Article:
Italian is commonly analysed as inheriting the nominative forms of nouns from Vulgar Latin, instead of the accusative ones. But what happened to 3rd declension nouns?
It looks like for the majority of them, due to the irregularity of the sg. nom. forms, the sg. nom. was simply remodelled with the sing. accusative. This explains e.g.
(Latin noun forms in the order of sg. nom., sg. acc., pl. nom./acc.)
voce "voice" from
vōx, vōcem, vōcēs,
-trice "-er (f.)" from
-trīx, trīcem, trīcēs,
as well as
fiume "river" from
flūmen, flūmen, flūmina.
Fair processes. Now, what happened to some other Latin 3rd declension patterns?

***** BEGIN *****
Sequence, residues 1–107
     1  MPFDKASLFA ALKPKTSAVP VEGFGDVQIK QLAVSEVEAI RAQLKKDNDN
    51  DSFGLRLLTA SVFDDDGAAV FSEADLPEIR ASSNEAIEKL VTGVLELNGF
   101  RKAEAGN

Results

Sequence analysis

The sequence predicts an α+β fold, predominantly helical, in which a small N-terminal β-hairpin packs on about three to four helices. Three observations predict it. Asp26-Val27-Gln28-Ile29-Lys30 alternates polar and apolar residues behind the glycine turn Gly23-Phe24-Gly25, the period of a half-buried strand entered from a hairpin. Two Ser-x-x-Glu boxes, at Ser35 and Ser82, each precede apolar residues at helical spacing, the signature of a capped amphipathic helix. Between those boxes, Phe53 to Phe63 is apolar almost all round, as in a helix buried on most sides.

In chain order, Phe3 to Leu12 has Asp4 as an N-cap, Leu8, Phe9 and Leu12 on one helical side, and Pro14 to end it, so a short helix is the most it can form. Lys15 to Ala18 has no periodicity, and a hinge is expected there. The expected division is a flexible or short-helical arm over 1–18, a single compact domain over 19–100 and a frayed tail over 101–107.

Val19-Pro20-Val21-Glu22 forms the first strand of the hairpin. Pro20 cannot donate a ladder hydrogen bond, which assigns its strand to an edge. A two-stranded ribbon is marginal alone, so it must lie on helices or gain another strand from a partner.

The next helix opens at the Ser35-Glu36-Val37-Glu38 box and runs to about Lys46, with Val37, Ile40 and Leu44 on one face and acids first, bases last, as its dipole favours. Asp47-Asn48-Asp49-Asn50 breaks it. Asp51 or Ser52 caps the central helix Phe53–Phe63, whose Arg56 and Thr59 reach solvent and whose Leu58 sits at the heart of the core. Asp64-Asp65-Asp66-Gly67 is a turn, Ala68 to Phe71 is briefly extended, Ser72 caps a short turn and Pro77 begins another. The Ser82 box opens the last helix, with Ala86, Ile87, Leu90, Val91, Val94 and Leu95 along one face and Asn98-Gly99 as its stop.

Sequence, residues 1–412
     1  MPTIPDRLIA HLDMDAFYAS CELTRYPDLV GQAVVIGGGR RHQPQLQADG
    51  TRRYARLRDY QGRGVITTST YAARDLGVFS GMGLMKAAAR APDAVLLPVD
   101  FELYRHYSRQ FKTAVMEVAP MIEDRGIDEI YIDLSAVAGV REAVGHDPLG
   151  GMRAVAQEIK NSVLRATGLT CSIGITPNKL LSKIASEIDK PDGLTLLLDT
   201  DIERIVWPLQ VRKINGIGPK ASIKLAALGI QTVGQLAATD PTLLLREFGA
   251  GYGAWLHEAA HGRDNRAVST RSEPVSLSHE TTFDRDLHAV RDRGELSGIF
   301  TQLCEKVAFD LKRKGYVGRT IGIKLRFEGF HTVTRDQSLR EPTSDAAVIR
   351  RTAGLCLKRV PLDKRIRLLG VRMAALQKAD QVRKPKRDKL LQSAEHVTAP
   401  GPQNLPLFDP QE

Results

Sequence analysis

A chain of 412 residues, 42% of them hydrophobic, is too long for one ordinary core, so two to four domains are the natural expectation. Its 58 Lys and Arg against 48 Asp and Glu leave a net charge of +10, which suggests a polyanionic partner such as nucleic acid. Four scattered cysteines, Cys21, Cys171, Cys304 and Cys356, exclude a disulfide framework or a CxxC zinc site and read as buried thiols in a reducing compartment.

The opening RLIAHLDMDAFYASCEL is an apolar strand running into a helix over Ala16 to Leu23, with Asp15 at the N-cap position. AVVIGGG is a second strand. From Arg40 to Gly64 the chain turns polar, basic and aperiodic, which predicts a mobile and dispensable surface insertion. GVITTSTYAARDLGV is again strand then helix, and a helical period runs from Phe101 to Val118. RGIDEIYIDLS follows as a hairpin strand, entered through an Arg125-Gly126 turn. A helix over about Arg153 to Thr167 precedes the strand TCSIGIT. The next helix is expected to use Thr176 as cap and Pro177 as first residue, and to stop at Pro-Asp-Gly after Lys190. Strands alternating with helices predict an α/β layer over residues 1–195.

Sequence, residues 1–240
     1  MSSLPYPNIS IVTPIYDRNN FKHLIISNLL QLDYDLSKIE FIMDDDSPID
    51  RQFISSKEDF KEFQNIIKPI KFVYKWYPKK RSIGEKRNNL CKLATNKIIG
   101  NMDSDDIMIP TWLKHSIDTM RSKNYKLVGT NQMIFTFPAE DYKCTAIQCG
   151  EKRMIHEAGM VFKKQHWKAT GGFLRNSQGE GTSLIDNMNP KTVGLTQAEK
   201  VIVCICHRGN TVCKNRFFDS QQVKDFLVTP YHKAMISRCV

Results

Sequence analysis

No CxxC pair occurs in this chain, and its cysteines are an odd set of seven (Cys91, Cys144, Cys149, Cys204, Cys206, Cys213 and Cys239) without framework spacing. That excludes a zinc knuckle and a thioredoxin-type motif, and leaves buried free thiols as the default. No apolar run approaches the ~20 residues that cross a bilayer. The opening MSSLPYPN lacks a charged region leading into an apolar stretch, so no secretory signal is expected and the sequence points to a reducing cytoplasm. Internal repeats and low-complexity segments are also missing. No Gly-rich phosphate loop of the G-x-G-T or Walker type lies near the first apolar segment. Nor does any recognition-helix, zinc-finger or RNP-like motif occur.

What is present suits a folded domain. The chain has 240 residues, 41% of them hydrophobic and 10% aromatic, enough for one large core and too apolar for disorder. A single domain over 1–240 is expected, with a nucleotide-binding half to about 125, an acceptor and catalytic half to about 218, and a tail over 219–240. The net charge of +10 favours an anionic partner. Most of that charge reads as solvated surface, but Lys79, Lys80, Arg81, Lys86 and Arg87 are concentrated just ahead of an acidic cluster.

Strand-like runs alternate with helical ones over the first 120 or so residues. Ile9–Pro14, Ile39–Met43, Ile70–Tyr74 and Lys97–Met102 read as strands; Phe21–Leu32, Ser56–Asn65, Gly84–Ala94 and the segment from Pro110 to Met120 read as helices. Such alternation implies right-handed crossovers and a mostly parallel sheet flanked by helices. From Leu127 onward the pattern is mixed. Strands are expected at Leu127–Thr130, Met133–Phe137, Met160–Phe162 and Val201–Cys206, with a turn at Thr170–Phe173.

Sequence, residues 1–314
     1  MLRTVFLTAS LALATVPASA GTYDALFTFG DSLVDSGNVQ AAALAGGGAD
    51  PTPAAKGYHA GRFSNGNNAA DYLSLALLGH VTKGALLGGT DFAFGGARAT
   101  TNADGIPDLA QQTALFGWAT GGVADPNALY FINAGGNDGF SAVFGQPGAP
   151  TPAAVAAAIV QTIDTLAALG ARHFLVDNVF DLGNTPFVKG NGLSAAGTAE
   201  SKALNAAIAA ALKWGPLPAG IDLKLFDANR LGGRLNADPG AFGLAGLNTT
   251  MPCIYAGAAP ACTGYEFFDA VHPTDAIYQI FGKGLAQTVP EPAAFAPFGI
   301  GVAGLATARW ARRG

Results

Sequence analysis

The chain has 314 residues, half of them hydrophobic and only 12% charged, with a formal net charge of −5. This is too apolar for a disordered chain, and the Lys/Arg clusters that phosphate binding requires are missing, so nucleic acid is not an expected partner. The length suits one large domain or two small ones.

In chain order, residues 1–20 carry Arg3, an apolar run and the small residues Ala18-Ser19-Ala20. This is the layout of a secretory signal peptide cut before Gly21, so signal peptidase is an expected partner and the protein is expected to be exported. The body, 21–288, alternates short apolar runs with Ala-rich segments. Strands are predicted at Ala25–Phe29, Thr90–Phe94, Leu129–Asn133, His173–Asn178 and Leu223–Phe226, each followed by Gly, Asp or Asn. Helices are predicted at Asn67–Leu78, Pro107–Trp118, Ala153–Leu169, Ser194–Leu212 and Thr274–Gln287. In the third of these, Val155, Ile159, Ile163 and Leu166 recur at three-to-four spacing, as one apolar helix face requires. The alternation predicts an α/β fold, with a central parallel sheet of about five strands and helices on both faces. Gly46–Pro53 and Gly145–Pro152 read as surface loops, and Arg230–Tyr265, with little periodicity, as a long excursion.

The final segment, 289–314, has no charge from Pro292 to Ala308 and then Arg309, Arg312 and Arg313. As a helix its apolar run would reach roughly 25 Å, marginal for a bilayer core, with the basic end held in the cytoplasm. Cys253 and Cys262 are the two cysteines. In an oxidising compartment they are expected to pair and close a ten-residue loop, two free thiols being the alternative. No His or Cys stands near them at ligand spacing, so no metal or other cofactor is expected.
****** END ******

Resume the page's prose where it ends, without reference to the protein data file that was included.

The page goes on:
-ione"-(t/s)ion" from Latin
-iō, -iōnem, iōnēs,
- Did the same process happen here as well?
-[d/g]ō, -[d/g]inem, -[d/g]inēs,
voragine"chasm, abyss" from Latin
vorāgō, vorāginem, vorāginēs, It
torpedine"stingray, torpedo" from Latin
torpēdō, torpēdine, torpēdinēs, It.
-itudine"-itude" from Latin
-itūdō, -itūdinem, -itūdinēs,
Same question as above. In addition, is there any particular reason why the Italian reflex is not
-[d/g]enegiven the short
-ità"-ity" from Latin
-itās, -itātem, -itātēs:
Wiktionary lists an older reflex of It.
How did this sufix happen, given Italian did not go through the intervocalic voicing of lenis consonants?
Naïvely it appears there was a competition between the two forms and
-itàwon out. Is this the case?
vertù"virtue" from Latin
virtūs, virtūtem, virtūtēsseems to have undergone a similar process, with an older form
vertude. Then, how did the
-dedrop out in this case?